Private Brand Wins The Price War in New Zealand

It is always interesting to see Private Brand news from around the world so this basket comparison from The New Zealand Herald is particularly interesting. It reaffirms one of the core principles of national brand equivalent Private Brands thousands of miles from American shores.

Buying budget saves big bucks
Supermarket shoppers can slash their grocery bill by about a third by choosing budget brands over name items.

A Herald on Sunday survey this week revealed savings of more than $20 for a basket of basics such as milk, bread and cheese – worth more than $1000 over a year.

We visited two supermarkets in central Auckland, one from each of the two companies which control the New Zealand market, and selected 10 products. One product was from a “name” brand and one was from the low-cost range.

At New World, the items from the Budget-shopping basket cost $14.11, 33 per cent less than the name alternative. At Countdown, the saving buying Home Brand products was $21.21, 37 per cent.

Progressive Enterprises, which owns Foodtown, Countdown and Woolworths, and Foodstuffs, which owns New World, Four Square and Pak’nSave, each have two in-house brands.

Progressives’ are the mid-market Signature Range and the budget Home Brand. The Foodstuffs equivalents are Pam’s and Budget.

Dave Bibby, senior lecturer in advertising and marketing communications at AUT University, says the growing popularity of in-house brands is a global trend.

At Switzerland’s biggest supermarket, almost half the grocery products sold are private-label.

“In Germany it’s 30 per cent, Spain 26 per cent and Belgium 25 per cent. In the UK it’s around a third.” He says in-house brands are cheaper because supermarkets save on advertising.

He says supermarkets make the same profit from in-house brands as name ranges, despite selling 15 per cent less.

Foodstuffs managing director Tony Carter says sales of Foodstuffs’ brands have increased in the past 18 months as consumers became more price-conscious.

Progressive spokeswoman Penny Newbigin says sales of Home Brand products had increased “in some categories” for the same reason.

Katherine Rich, chief executive of the Food and Grocery Council, a lobby group for supermarket suppliers, says in-house labels are cheaper because they don’t invest in product development.

“If you’re wanting to buy the best quality products, they are the established brands. The difference might be small, but there is a difference.”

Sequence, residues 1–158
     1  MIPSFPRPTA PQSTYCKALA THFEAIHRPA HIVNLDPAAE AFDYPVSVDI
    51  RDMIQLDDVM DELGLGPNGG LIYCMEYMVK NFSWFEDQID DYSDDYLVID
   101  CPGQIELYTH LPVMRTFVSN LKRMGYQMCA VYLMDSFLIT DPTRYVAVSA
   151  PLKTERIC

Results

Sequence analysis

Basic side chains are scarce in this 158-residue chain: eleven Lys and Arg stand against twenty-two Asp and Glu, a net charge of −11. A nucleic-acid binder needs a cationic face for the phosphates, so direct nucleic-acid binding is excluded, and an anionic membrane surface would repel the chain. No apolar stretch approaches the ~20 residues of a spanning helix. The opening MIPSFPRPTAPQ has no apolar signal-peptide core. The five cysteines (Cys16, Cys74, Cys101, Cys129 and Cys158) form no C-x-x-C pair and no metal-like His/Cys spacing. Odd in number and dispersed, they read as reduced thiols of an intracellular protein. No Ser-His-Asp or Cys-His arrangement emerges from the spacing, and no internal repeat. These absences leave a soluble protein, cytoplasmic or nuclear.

A matter of taste

Shoppers at supermarkets in central Auckland had mixed views on brands.

At Countdown on Quay St, Hazel Lemoto, 27, said she switched to Home Brand baby products for her 1-year-old, Lafo, to save money.

“Now I save about $70 a week and I find the Home Brand nappies are more absorbent than the expensive ones I used to buy,” she said.

Student Taylor Malleri, 21, said she bought cheaper products, such as bread, milk and spreads but pricier brands for other items.

“You can taste the difference for some things – the cheaper cookies and sodas aren’t as nice.”

Annie Li, 25, said : “Things are expensive for a reason – I think the quality will be better.”

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Christopher Durham
Christopher Durham is the president of My Private Brand and the co-founder of The Vertex Awards. He is a strategist, author, consultant and retailer who built brands at Delhaize-owned Food Lion, and lead strategy and brand development for Lowe’s Home Improvement. He has consulted with retailers around the world on their private brand portfolios including: Family Dollar, Petco, Staples, Office Depot, Best Buy, Metro (Canada), TLW (Taiwan) and Hola (Taiwan). Durham has published five definitive books on private brands, including his first book, Fifty2: The My Private Brand Project. In 2017, he will debut his newest book, Vanguard: Vintage Originals, a visual tour of innovation and disruption in private brand going back to the mid-1800’s. Dynamic in his presentation while down to earth and frank in his opinions, he has presented at numerous conferences, including FUSE, The Dieline Conference, Packaging that Sells, Omnishopper and PLMA’a annual trade show in Chicago. Durham lives in Charlotte, NC with his wife, Laraine, and two daughters, Olivia and Sarah.